The Governance Monitor, an initiative from the Institute on Governance and Advanced Symbolics, tracks the impact of the election campaign on Canadians’ trust in government, going beyond the horse race to produce informed insights and analysis.
This is the second in a series of articles jointly produced by the Institute on Governance and Advanced Symbolics for TVO.org and iPolitics. Throughout the federal-election campaign, these articles will analyze the extent to which Canadians trust in government — and what that trust could mean for the future of our country.
The Governance Monitor focuses on what the Organisation for Economic Co-operation and Development has identified as “strong predictors of public trust”: responsiveness, reliability, integrity, openness, and fairness.
- Our Daily Trust Tracker shows an increase in trust in government since Labour Day. On September 9, trust in government was at 56 per cent, up from 51 per cent on September 6.
- Since the start of Election 2021 on August 15, trust in government’s ability to get the job done has averaged 58 per cent, the same level seen during the 2019 federal election.
- The IOG/ASI Governance Monitor tracks social-media activity across five ideological cohorts (far left, left, centre, right, far right). Social-media engagement is highest at the far ends of the ideological spectrum.
- Since August 15, social-media engagement on the issue of climate change has been high.
- Eighty per cent of Canadians show positive trust in government’s ability to tackle climate change.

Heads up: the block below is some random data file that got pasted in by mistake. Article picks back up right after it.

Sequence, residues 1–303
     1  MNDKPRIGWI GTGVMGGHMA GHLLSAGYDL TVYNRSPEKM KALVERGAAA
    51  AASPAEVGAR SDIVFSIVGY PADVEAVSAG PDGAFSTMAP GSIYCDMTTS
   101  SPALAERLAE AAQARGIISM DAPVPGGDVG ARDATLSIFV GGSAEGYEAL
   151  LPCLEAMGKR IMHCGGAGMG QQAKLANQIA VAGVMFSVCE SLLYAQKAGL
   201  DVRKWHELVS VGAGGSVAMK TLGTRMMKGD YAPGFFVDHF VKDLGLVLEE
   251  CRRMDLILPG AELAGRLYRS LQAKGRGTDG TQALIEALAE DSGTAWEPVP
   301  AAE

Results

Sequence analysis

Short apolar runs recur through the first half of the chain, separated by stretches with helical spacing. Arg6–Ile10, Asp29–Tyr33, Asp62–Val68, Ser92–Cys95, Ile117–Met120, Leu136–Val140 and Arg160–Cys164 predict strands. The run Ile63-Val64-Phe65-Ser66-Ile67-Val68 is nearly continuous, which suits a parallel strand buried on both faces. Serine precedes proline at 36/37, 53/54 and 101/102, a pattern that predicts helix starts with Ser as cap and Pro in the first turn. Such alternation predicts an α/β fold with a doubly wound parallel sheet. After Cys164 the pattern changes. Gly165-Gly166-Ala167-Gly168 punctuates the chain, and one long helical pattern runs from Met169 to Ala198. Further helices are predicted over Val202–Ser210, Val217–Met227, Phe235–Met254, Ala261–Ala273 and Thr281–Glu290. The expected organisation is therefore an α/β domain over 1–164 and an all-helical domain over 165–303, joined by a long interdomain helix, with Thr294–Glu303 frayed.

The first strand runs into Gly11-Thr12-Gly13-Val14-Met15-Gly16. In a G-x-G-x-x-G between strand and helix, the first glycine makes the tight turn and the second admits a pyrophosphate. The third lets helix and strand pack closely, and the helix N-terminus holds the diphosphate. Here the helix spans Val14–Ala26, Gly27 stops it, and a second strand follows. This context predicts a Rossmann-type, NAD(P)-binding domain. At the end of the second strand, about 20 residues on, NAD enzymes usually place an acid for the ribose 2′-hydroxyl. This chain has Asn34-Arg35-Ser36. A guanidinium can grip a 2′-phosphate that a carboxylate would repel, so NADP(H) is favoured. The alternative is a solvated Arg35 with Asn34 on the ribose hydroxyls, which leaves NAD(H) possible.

- When considering government’s role in most policy areas, including climate change, the far right exhibits the lowest level of trust and is consistently negative
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What it means
Even though most Canadians show positive trust in government’s ability to tackle climate change, the level is moderate and is most positive in the centre-left and centre-right ideological cohorts.
While still positive, trust in government is weaker for the left and right cohorts — but for different reasons. The left has less trust that government will deliver on climate-change commitments. The right worries about the economic impact of government action on climate change. The 5 per cent on the far right is the most negative and questions the very premise of addressing climate change and the motives for governments for doing so.
Why it matters
In terms of climate change, the overall level of trust in government is important if a new government is to effectively meet its objectives. A new government will need to understand the impact of its actions on trust across all ideological cohorts so that it can influence behaviours that will lead to its desired policy outcomes —which could include, for example, reducing fossil-fuel use, choosing greener alternatives, and accepting increased carbon taxation.
It is important to note that the 5 per cent on the far right remain distinctly and consistently negative regarding trust in government action on climate change. A new government will need to remember that this fringe is unique and not exaggerate its influence on public discourse across the ideological cohorts. Tailoring policies to satisfy this extreme will accelerate further declines of trust among the majority, undermine policy objectives, and — if there is a minority Parliament — potentially trigger another election.